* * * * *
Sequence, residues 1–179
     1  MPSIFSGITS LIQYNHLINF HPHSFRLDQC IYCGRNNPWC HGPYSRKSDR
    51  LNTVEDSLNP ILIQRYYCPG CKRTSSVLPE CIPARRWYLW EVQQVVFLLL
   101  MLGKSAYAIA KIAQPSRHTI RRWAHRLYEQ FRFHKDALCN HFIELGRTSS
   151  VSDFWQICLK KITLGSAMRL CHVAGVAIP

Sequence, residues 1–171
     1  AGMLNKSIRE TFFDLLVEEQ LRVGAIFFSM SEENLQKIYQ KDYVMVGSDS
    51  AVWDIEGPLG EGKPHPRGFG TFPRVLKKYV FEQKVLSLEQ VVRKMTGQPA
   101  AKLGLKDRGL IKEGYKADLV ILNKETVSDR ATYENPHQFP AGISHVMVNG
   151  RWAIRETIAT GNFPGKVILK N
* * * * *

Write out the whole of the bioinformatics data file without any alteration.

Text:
Sequence, residues 1–179
     1  MPSIFSGITS LIQYNHLINF HPHSFRLDQC IYCGRNNPWC HGPYSRKSDR
    51  LNTVEDSLNP ILIQRYYCPG CKRTSSVLPE CIPARRWYLW EVQQVVFLLL
   101  MLGKSAYAIA KIAQPSRHTI RRWAHRLYEQ FRFHKDALCN HFIELGRTSS
   151  VSDFWQICLK KITLGSAMRL CHVAGVAIP

Sequence, residues 1–171
     1  AGMLNKSIRE TFFDLLVEEQ LRVGAIFFSM SEENLQKIYQ KDYVMVGSDS
    51  AVWDIEGPLG EGKPHPRGFG TFPRVLKKYV FEQKVLSLEQ VVRKMTGQPA
   101  AKLGLKDRGL IKEGYKADLV ILNKETVSDR ATYENPHQFP AGISHVMVNG
   151  RWAIRETIAT GNFPGKVILK N